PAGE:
Biceps tendon rupture
Healthy, short (L) and long (R) biceps tendons proximal to the shoulder joint

Definition

A rupture of the biceps tendon refers to the severing of the short or long head of the biceps tendon in proximity of the shoulder joint, or the distal end of the biceps tendon near the elbow.

A rupture to the biceps tendon can be located to the proximal (L) or distal (R) side

Pathology

The biceps muscle is the largest muscle of the upper arm, which is used when bending the arm or lifting weights. The biceps tendons connect the biceps muscle to the shoulder and the elbow. The upper biceps tendon has two endings, one that connects to the glenoid (long head, right) and the other to the coracoid process (short head, left). The lower part of the biceps has one tendon inserting to the elbow. 

The rupture of any section of the biceps tendon can be complete or partial. The long head of the biceps tendon is more frequently subjected to rupture than the short head. A complete tear of the proximal long head biceps tendon is visible through the formation of a bump of the biceps at the elbow. The rupture of the distal biceps tendon is located near the elbow. In this case the biceps muscle retracts towards the shoulder joint. The patient is unable to flex the elbow and has difficulties to supinate (turn hand upwards). A rupture to the biceps tendon can be determined by other pathologies including chronic biceps tendonitis, shoulder impingement and rotator cuff injury.

Grade 1 Dupuytren's contracture

Classification

The severity of the disease is divided into three grades: 

Grade 1: thickened nodules in the palmar aponeurosis, skin colour changes

 

Grade 2 Dupuytren's contracture

Grade 2: formation of pretendinous and cords, limited finger extension

Grade 3 Dupuytren's contracture

Grade 3: permanent contracture of the affected finger(s)

Bodybuilding can lead to biceps tendon rupture

Causes

A repetitive and prolonged use of the shoulder and upper arm may fray the biceps tendons. This leads to the development of tendon inflammation or tendonitis, followed by an initial partial tear, possibly leading to a complete rupture of the tendon when executing a sudden and strenuous movement. A tendon rupture severely impairs the use of the arm. The causes leading to a biceps tendon rupture are: 

Tear of the rotator cuff

Shoulder instability

Joint stiffness particularly of the elbow

Lack of, or excessive training

Inadequate warm up

Weakness of the muscles

Tightness of the biceps

Carpentry work involving heavy weight lifting can cause a biceps tendon rupture

Risk factors

A rupture to the biceps tendon is more frequent in males above 35 years of age. Sports and professions involving strenuous activities of the shoulders and arms represent the main risk factors for this pathology. In addition, the ageing process per se with the weakening of all tendons and muscles is a significant risk factor for biceps tendon rupture. Professions and sports posing risk for his pathology include:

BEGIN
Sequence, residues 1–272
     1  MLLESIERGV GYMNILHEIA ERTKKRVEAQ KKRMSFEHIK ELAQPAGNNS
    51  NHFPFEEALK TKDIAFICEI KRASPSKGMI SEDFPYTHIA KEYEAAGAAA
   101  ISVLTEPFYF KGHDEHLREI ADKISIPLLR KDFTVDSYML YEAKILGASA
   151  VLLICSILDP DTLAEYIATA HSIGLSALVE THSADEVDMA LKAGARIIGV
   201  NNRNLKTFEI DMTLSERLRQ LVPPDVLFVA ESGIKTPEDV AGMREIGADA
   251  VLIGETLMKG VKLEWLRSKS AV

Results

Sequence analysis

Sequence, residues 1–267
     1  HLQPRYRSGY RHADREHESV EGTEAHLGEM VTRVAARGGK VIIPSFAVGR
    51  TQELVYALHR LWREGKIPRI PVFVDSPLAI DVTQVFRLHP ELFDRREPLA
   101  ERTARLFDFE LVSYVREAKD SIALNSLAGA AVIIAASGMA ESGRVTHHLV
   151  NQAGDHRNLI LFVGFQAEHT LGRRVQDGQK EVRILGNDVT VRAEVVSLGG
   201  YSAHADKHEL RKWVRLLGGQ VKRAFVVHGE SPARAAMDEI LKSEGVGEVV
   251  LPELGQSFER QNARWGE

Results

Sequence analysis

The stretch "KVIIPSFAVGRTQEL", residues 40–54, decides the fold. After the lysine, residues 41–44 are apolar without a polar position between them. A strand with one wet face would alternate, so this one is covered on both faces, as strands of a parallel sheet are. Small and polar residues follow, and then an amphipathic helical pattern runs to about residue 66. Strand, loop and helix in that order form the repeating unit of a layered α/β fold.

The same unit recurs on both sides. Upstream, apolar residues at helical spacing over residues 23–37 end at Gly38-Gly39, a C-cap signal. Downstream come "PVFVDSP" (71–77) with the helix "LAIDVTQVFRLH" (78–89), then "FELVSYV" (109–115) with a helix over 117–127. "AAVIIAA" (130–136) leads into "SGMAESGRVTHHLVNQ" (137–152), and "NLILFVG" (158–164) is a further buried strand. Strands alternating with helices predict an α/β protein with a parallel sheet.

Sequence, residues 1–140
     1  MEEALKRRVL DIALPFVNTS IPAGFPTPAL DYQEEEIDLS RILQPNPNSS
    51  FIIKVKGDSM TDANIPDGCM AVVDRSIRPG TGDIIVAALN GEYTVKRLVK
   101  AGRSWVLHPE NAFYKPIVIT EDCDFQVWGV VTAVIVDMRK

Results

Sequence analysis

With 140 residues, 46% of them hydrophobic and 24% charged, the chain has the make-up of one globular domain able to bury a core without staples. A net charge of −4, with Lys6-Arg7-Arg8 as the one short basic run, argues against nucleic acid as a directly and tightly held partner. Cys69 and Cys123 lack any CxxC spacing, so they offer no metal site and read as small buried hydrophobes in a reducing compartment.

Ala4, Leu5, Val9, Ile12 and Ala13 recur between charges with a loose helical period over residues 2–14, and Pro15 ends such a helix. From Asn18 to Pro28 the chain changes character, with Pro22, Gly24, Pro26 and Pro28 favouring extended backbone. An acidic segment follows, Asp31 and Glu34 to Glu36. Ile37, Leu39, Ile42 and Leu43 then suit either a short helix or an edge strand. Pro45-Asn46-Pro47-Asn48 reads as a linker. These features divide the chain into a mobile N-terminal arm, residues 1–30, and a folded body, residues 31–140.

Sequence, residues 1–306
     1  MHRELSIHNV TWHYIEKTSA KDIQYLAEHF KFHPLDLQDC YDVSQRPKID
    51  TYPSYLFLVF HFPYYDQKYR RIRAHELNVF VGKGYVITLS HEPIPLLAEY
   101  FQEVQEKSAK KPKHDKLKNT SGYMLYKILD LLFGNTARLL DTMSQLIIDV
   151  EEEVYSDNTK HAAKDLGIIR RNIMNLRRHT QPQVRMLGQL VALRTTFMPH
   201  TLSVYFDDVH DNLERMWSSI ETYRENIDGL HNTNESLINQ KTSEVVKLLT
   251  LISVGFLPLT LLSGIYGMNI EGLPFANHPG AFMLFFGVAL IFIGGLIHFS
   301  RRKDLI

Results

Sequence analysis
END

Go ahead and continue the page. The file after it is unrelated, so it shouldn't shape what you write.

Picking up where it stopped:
Weightlifting

Swimming

Tennis

Baseball

Carpentry

 

The so called "Popeye arm" due to the retraction of the biceps following proximal rupture

Symptoms

Symptoms of a biceps tendon rupture include:

Sudden, sharp pain sometimes accompanied by a snap or pop

Formation of bruise extending to the lower arm

Presence of a hump especially when contracting the arm

Weakness of the arm and shoulder

Impairment in rotating the arm

All these symptoms are less evident with partial tear of the biceps tendon.

On MRI the partial ruptured distal tendon (red) is visible with fluid accumulation (blue) around.

Diagnosis

Medical examination begins by acquiring patient's health history including a description of the injurious event that may have caused a biceps tendon rupture. Evident signs for biceps tendon rupture include: 

complete tear forming a “Popeye muscle” (proximal tear) 

in partial tear, biceps contraction causing pain 

tear of the distal biceps tendon causes a gap in the front of elbow. 

The examiner will also assess for possible concomitant injuries: rotator cuff tear, impingement, and biceps tendonitis. X-rays are advised to identify potential changes in the bones of the shoulder if additional pathologies are suspected. MRI and ultrasound aid the classification in complete or partial tear of the biceps tendon.

Treatment

Application of ice pads helps to reduce swelling and inflammation

Nonoperative treatment

Conservative treatment is the most frequent option even in complete tear of the biceps tendons. It is recommended the following:

Rest from any sport activities

Application of ice pads

Administration of NSAIDs

Physical therapy

 

A horse trainer underwent surgery to repair the ruptured distal biceps tendon

Surgical treatment

If severe deformity or weakness occur or in case of specific professions, surgery is required. The procedure consists in re-attaching the tendon to the bone. When the rupture of the biceps tendon has occurred weeks before the diagnosis, the tendon needs to be retrieved surgically prior to being attached to the bone.

 

Physiotherapy is recommended to restore function of the biceps tendon/muscle

Rehabilitation

Rehabilitative treatment for a biceps tendon rupture involves:

Initial arm immobilisation with a sling

Ice or heat applications

Exercise to gain flexibility and strength of the biceps muscle

Massage to increase blood flow

Stretching to improve flexibility of the biceps muscle and tendon.

Taping is useful to prevent recurrent biceps tendon rupture

Prevention

Preventing recidivism of biceps tendon rupture consists in modifying a number of behaviours such as:

Postural support

Shoulder/arm taping

Warm up and stretching before sport activities

Maintain a regular exercise regime

Use of appropriate training techniques